Hostile Intent (Not to be confused with the Half-Life mod of the same name) was a First Person Shooter that was being developed by American company Aware Entertainment during 2002 and 2003. Aware Entertainment were based in Knoxville, Tennessee, and were founded in January 2001 by Andrew Roberto while he was still in Law School, with the studio born from a desire to create “truly interactive computer games”. This was their very first project.
With a fairly outlandish plot and a gritty look, the concept of Hostile Intent seemed to fall somewhere between Battlefield, Rainbow Six and even the James Bond series. It was described by Aware as an intense, fast-paced shooter while simultaneously offering an open-ended gameplay experience.
The backstory of the game would have offered us a little bit of alternate history as the setup:
“In 1945, just after the end of the second World War, United States President Franklin D. Roosevelt created a covert organization called “Leviathan” to combat any perceived threats against the free world. Leviathan was cleared to use any means that governments could not publicly endorse, whether it be kidnapping, assassination, sabotage, arms-dealing, corporate espionage or even triggering war and, due to the nature of these methods, the organization was to be a secret to everyone with the exception of a single member of the executive branch of the US, who would then pass on the knowledge to a successor once he left office.
However, just a few months later, any knowledge of Leviathan dies with Roosevelt, who suffers a cerebral hemorrhage before he can disclose the existence of the organization to vice-president Harry S. Truman. With no one to keep it in check and its funding structure firmly secure, Leviathan goes on to attain massive influence over the world’s affairs, essentially becoming a shadowy world government with the power to deploy its forces anywhere it deems necessary.
Decades later, their reign is threatened by a prodigious and mentally-ill hacker known as “Xander”, who has plans of world domination. Using his computer skills to steal from the elite and big businesses, he funds a personal army that he dubs “Alliance Of Anarchy” to achieve his goal and while trying to send false orders to one of the world’s armies, he accidentally reveals himself to the Leviathan leadership, a former high ranking member of the CIA known only as “Spyder”. With both factions now aware of each other, a battle for supremacy begins as Xander escalates conflicts around the world and sends his mercenary army to hunt down his rival, hoping to take advantage of Spyder’s distraction and stretched resources in his efforts to bring the world back under Leviathan control.”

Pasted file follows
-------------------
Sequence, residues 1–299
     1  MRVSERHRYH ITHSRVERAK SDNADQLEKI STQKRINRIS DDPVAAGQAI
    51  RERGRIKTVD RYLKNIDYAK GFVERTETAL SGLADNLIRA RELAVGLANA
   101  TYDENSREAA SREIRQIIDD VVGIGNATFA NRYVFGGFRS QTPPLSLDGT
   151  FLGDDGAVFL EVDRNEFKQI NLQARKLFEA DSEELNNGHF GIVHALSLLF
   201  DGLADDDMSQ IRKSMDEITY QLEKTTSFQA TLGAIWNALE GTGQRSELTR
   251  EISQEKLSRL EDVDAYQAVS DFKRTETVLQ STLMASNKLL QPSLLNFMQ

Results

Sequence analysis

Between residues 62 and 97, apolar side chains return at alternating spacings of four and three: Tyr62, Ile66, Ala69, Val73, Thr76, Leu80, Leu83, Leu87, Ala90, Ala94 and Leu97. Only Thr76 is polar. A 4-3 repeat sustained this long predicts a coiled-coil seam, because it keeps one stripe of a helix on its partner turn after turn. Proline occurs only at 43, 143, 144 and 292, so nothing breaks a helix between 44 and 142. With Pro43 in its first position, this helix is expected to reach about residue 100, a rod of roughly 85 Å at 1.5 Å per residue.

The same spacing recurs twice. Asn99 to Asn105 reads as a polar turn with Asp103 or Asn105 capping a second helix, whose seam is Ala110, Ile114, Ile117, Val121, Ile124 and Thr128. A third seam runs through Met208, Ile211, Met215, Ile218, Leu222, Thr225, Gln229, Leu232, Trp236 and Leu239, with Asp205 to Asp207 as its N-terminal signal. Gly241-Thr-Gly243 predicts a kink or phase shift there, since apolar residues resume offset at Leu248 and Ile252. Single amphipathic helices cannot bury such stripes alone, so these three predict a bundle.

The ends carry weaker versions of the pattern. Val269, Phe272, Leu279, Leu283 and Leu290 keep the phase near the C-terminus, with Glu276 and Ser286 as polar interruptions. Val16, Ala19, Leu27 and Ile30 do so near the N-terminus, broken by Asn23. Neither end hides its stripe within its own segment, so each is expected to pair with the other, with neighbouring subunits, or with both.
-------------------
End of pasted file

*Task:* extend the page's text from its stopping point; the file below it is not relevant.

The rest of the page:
In the middle of this mess, the player would assume the role of J.D. Knox, a former marine and Leviathan operative recruited by Spyder, as he is deployed in battlefields around the world. These would include some obvious choices for the time, such as Iraq and Chechnya, but places such as North Korea would also make an appearance.
Hostile Intent was quite ambitious in the gameplay department. Aware would claim in several interviews that the game would not only feature levels with infinitely generated landscapes, but also a fully destructible environment, complete with terrain deformation, made possible by Aware’s own custom made engine which they were also hoping to license out for other games.
With a scope this large, the player would have at his disposal a large amount of real-life weapons and vehicles to fight with and get around. In addition to over 20 guns that ranged from pistols to rocket launchers and laser target designators, Hostile Intent would allow us to get inside the M1A1 Abrams tank, the Humvee, the Bradley APC, Hokum, Apache and Comanche helicopters, and even several boats.
With this feature set, it should come as no surprise that Hostile Intent was being developed with multiplayer action in mind. In addition to all the modes one would expect, such as Deathmatch and objective-based missions like hostage rescue, the game would also feature modes that could take advantage of its capacity for environment destruction, with up to 32 players joining the mayhem at once.
However, it does not seem that the single player experience would suffer as a result of this online focus, as the open-endedness of the gameplay allowed for not only a large amount of replayability, but the levels themselves would have been populated by NPCs, both hostile and friendly, in addition to the main enemy force. The main campaign would have been team-based and, although Hostile Intent was not meant to be a pure tactical shooter, it would have offered some depth when it came to player movement, with the ability to lean around corners and to go prone, and even the possibility to employ stealth.
2003 saw Hostile Intent build up a little bit of hype among some of the smaller gaming websites. With a release date estimated for late 2004, Aware claimed in an interview that they had several publishers interested in their game, but no deal had been finalized at that point in time. The last update on their official website seems to have been on September 15 of 2003 and, by 2004, the website no longer existed. Hostile Intent, and by extension Aware, had seemingly died, and whether that was due to difficulties with publishing, overambition, or a combination of both, remains unknown.
Article by thecursebearer, thanks to Daniel Nicaise for the contribution!